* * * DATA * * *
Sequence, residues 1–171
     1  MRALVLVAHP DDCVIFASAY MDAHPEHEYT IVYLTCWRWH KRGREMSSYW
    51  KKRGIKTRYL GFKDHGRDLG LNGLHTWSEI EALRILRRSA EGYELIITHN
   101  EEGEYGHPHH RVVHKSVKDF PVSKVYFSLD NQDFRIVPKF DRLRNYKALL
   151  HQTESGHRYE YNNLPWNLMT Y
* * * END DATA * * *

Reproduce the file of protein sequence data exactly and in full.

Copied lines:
Sequence, residues 1–171
     1  MRALVLVAHP DDCVIFASAY MDAHPEHEYT IVYLTCWRWH KRGREMSSYW
    51  KKRGIKTRYL GFKDHGRDLG LNGLHTWSEI EALRILRRSA EGYELIITHN
   101  EEGEYGHPHH RVVHKSVKDF PVSKVYFSLD NQDFRIVPKF DRLRNYKALL
   151  HQTESGHRYE YNNLPWNLMT Y